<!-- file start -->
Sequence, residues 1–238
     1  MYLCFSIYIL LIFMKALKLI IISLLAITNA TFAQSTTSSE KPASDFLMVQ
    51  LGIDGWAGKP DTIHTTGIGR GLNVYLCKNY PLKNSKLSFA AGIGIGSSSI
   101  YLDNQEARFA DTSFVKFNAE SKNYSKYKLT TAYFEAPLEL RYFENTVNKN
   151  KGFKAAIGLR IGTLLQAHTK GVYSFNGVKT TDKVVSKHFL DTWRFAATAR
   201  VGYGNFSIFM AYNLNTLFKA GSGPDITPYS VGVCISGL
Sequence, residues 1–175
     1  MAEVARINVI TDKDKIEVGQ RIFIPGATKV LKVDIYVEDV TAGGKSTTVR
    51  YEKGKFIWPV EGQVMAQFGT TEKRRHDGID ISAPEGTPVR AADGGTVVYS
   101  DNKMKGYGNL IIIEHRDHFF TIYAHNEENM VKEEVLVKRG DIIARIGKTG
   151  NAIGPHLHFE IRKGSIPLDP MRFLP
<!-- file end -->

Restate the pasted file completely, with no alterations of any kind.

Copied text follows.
Sequence, residues 1–238
     1  MYLCFSIYIL LIFMKALKLI IISLLAITNA TFAQSTTSSE KPASDFLMVQ
    51  LGIDGWAGKP DTIHTTGIGR GLNVYLCKNY PLKNSKLSFA AGIGIGSSSI
   101  YLDNQEARFA DTSFVKFNAE SKNYSKYKLT TAYFEAPLEL RYFENTVNKN
   151  KGFKAAIGLR IGTLLQAHTK GVYSFNGVKT TDKVVSKHFL DTWRFAATAR
   201  VGYGNFSIFM AYNLNTLFKA GSGPDITPYS VGVCISGL
Sequence, residues 1–175
     1  MAEVARINVI TDKDKIEVGQ RIFIPGATKV LKVDIYVEDV TAGGKSTTVR
    51  YEKGKFIWPV EGQVMAQFGT TEKRRHDGID ISAPEGTPVR AADGGTVVYS
   101  DNKMKGYGNL IIIEHRDHFF TIYAHNEENM VKEEVLVKRG DIIARIGKTG
   151  NAIGPHLHFE IRKGSIPLDP MRFLP